Exchange rates boost Brits holiday spending

This year, British travellers to the euro zone found their spending power had increased by 35 percent, according to the findings of a recent study.

The study, which was carried out by My Travel Cash Prepaid Mastercard, claimed that British travellers had more than £350,000 extra to exchange this year, which equated to a 15 percent increase on the funds that were available to them last year. It was also noted that 50 percent of all transactions were made in small, independent businesses, like restaurants and shops.

The benefits of the favourable exchange rates are set to continue into the autumn, with those taking late holidays in Europe still benefiting despite some weakening of the pound compared to the highs that it experienced earlier in the year. According to My Travel Cash, exchanging £500 for a trip to Europe is still netting the traveller €61 more than it did this time last year.

Myles Stephenson, founder and managing director of My Travel Cash, was reported by Travelweekly, saying, ‘It was widely reported in the lead-up to summer that sterling’s strength against the euro would be good news for the British public, but the proof is definitely in the pudding now we take a retrospective look back at the summer’s transactions and spends compared to that of last year. What was less reported on but is still a valid point, is the contribution our holiday spends make to the economies of the countries we visited.’

He added, ‘British purchasing power abroad is set to continue well into the winter months, as our gloomy weather encourages more trips to warmer climates.’

Where not to buy your travel money

As summer holidays approach, Facebook (which is expected to be valued at $100bn following an initial IPO) is being used by travellers to warn each other about where not to get travel money.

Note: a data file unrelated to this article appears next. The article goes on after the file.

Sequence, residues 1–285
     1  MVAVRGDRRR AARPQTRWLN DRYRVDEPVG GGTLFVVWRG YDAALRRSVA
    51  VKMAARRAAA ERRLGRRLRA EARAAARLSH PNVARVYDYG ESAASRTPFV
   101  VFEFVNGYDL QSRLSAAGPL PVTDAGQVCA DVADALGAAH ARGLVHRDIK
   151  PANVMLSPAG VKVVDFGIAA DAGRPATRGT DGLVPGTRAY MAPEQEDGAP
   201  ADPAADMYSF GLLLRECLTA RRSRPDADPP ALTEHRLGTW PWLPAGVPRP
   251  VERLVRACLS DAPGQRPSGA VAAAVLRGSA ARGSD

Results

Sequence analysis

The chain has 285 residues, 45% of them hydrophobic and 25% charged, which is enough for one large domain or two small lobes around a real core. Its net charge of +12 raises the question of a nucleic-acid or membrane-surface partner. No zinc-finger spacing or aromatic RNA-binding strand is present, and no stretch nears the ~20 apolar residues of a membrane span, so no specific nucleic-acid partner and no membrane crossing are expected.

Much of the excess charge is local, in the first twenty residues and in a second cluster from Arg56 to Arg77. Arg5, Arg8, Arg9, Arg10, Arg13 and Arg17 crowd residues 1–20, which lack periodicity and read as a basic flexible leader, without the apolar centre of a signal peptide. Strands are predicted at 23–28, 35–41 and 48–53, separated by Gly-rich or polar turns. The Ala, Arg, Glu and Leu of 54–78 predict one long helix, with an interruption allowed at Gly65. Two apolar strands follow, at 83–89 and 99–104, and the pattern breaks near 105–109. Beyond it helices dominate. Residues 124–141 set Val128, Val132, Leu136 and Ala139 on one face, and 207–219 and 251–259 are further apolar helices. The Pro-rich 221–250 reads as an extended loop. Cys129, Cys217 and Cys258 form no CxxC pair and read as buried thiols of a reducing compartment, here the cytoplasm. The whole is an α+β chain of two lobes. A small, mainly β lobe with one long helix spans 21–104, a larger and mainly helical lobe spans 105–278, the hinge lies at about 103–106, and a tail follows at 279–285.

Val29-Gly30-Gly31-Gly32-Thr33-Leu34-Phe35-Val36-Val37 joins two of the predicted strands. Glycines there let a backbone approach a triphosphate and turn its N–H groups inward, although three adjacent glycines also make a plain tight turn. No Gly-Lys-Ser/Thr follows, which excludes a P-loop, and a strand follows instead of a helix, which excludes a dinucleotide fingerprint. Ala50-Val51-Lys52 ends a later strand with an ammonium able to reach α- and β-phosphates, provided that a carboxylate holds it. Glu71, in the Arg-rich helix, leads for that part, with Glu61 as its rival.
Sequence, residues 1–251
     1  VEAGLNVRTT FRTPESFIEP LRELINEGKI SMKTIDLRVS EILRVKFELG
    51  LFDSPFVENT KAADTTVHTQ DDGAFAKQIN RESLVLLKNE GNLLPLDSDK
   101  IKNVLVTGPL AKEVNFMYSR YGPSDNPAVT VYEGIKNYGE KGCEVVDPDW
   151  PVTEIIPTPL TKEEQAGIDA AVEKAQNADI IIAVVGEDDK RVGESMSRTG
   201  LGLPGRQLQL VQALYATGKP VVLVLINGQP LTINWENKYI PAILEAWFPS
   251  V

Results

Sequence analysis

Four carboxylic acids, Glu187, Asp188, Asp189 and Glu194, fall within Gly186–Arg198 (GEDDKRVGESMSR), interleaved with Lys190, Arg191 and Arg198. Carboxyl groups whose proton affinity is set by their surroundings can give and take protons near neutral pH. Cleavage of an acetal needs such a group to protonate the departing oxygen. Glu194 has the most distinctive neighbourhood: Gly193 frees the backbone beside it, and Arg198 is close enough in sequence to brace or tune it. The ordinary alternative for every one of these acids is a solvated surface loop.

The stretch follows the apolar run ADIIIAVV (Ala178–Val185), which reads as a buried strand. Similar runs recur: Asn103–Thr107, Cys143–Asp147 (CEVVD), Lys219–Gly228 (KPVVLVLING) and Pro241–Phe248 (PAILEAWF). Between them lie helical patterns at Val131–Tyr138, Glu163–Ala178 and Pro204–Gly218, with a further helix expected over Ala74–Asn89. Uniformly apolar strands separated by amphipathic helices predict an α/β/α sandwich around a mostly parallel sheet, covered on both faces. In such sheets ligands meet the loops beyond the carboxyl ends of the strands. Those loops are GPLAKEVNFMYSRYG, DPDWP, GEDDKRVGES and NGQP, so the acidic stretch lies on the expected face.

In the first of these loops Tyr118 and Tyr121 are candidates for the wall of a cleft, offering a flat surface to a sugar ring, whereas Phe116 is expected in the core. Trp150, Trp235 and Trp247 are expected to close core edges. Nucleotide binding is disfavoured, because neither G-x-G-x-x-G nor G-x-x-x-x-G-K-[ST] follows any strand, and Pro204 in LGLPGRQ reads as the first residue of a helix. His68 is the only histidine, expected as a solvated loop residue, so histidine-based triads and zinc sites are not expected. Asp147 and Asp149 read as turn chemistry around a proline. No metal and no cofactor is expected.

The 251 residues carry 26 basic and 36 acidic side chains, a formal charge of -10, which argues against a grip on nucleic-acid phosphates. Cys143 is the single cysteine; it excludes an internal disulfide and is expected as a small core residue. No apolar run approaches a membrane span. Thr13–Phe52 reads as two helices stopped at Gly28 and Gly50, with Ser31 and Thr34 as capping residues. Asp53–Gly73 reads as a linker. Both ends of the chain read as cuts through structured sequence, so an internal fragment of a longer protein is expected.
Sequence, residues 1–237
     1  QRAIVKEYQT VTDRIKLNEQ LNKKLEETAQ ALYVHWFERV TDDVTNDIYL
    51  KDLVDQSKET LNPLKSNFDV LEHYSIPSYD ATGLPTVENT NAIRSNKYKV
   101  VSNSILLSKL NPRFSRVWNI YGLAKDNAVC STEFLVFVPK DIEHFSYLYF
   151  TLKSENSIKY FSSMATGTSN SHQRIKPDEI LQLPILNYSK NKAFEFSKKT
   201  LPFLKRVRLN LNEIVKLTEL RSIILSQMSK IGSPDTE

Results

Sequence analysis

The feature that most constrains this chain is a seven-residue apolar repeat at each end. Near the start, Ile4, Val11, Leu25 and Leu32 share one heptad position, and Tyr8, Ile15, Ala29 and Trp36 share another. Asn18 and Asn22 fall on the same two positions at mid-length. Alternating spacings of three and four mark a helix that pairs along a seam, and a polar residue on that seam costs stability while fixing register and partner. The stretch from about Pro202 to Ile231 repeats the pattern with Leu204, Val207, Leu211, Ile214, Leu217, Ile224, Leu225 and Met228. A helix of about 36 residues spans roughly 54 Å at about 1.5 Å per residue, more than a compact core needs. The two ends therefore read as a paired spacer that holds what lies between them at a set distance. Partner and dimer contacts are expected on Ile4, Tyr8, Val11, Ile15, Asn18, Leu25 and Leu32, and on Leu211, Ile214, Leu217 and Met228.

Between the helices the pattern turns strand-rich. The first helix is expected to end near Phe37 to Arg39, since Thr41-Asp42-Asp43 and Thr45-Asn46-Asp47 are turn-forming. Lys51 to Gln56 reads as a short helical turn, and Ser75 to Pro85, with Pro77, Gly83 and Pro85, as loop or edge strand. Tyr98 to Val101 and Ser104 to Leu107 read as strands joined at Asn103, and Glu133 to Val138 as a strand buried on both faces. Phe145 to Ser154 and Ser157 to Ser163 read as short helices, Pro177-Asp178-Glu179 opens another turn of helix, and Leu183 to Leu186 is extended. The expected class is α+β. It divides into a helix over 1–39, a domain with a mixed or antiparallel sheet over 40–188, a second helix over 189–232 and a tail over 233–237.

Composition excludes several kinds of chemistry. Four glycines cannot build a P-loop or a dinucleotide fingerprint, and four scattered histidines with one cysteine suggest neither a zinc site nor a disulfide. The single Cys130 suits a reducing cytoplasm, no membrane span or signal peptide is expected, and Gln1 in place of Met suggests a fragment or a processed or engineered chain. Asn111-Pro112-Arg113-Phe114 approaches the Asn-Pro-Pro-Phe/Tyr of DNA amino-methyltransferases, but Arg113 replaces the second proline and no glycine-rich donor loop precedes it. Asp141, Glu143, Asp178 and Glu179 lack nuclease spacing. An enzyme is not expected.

A recent campaign started on a Facebook page (http://www.facebook.com/fairfx) has resulted in many cost-conscious holidaymakers posting photos of poor exchange rates at various locations. The biggest culprits to-date include bureaux de change at Gatwick and Heathrow airports as well as overseas locations like France.

Stephen Heath, CEO at FairFX.com said: “It’s interesting to see this development in the use of social media effectively providing more transparency for consumers in a marketplace which is sometimes confusing.”

“Recently, we’ve seen many travellers voice their dissatisfaction and uploading photos of the rates onto our Facebook page. So far, the worst rate we’ve seen was offered by a travel money booth at Gatwick Airport – $1.48 for £1 when the mid-market rate was over $1.63 – that’s £50 profit for every £500 exchanged.

“Perhaps the use of social media sites like Facebook will finally shame airports into doing something about this raw deal. In the meantime, many savvy travellers are pre-purchasing their travel money using prepaid currency cards which provide much better value and convenience.”